The judge has declared a mistrial in the case of megastar Bill Cosby, who was accused of drugging and raping an acquaintance in 2004. The jury deliberated for six days but was unable to reach a unanimous verdict as is required in felony criminal cases. The district attorney has vowed to retry the case.
The jurors signaled a problem as early as Thursday, June 15, when they notified the judge that they had reached an impasse. Little information has been provided about which direction the jury might be leaning, who if anyone was a holdout, and what issue or issues were causing the breakdown. It is unlikely more will be learned by the public, however, as the judge has asked the jury not to discuss details of their deliberations.
“This is neither a vindication or a victory,” said the judge.
Neither side is likely happy with this outcome. Although a mistrial does not indicate Cosby’s guilt, his supporters were hoping for a swift, definitive acquittal. Such a ruling would likely have calmed the firestorm of accusations leveled at Cosby both in and outside the courtroom.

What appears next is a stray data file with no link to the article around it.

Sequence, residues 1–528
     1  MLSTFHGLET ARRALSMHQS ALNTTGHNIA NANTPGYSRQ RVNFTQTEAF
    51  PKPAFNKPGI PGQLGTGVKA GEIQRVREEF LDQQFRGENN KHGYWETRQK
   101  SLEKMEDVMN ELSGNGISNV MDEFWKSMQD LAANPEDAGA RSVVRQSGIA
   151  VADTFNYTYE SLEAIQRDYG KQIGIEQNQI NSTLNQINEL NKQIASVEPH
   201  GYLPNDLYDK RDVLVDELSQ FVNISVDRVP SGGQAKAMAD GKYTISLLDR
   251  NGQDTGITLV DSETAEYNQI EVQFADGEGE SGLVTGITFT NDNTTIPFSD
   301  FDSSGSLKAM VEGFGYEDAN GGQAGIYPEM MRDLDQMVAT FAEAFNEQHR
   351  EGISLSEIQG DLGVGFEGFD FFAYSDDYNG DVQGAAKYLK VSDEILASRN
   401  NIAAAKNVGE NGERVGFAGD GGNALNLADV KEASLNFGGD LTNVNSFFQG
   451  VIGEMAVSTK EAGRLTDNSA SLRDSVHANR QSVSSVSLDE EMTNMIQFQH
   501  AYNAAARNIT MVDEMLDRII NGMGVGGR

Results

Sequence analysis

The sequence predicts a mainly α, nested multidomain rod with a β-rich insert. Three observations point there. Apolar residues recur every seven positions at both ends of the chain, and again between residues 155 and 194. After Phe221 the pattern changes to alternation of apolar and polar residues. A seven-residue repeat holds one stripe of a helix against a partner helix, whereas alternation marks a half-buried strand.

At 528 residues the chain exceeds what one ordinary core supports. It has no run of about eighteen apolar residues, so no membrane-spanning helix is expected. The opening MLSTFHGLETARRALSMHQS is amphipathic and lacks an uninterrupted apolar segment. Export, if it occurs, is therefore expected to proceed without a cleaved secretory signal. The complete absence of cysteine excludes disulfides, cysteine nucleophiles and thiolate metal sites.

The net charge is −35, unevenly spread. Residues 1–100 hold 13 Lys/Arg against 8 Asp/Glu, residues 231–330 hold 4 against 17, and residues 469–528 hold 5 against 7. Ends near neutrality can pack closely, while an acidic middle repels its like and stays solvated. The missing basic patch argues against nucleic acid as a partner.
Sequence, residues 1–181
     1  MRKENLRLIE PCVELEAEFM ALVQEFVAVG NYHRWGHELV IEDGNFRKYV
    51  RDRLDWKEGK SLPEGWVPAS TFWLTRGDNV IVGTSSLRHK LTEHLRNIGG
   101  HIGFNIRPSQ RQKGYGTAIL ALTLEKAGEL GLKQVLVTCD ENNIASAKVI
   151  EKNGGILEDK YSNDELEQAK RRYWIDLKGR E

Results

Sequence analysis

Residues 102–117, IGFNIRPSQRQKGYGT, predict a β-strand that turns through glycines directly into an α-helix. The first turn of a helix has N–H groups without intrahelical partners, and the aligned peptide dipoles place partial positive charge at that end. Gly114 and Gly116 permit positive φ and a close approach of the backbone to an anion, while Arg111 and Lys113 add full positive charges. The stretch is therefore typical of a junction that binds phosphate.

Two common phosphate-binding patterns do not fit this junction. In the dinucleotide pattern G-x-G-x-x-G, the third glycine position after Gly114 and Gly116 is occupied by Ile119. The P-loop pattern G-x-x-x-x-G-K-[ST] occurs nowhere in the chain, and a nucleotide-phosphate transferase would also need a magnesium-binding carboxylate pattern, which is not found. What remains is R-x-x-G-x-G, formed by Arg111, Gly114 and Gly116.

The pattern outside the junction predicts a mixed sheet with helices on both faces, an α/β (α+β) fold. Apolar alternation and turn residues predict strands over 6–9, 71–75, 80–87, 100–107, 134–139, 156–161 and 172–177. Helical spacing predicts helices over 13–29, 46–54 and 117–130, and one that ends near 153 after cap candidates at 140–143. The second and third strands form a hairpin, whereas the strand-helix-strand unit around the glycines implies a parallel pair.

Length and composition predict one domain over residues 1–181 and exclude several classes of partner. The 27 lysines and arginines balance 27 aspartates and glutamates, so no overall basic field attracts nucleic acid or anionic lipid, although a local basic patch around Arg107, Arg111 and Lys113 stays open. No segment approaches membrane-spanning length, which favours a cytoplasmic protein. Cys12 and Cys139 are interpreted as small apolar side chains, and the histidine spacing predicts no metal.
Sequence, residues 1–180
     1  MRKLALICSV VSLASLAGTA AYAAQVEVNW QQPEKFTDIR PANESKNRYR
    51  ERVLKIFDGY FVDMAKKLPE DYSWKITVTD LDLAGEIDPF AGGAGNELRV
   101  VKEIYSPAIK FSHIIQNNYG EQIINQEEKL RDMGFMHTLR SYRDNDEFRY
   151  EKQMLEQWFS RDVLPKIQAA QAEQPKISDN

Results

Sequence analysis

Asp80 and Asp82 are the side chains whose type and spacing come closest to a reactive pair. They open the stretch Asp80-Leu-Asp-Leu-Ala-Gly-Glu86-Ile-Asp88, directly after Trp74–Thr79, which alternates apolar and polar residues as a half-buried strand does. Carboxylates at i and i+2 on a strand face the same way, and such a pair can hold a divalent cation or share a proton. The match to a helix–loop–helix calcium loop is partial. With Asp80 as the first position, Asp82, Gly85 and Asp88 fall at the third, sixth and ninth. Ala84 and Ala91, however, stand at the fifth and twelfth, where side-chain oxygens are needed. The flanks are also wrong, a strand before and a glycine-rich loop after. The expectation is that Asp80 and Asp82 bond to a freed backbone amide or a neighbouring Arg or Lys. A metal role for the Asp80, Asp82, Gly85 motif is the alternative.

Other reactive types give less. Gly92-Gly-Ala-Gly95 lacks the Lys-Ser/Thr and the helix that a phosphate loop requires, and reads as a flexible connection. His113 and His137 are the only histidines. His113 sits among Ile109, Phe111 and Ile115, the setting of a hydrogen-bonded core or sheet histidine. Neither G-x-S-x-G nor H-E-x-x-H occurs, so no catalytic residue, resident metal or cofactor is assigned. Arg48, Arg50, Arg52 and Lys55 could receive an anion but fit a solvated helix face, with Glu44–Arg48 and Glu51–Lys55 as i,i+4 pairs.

Dozens of women have accused Cosby of drugging and sexually assaulting them, but only two were allowed to testify in this trial. Most of the other women’s claims are time-barred by the statutes of limitation in the states where the events allegedly occurred. And, while judges can allow evidence of a defendant’s prior bad acts — acts not proven in a court of law — the judge only allowed such testimony by one woman in this case.
The case turned largely on the credibility of the complaining witness and the other complainant who was allowed to testify. Both women told similar stories of Cosby giving them an intoxicating and immobilizing drug before sexually assaulting them.
The defense case was wrapped up in a total of six minutes, during which Cosby’s team argued that the prosecutor had failed to prove the case beyond a reasonable doubt. They had appeared to be making the argument that the sexual acts were consensual.
The attorney for the complaining witness indicated they were looking forward to the retrial. No information is available about when the case could be put before another jury.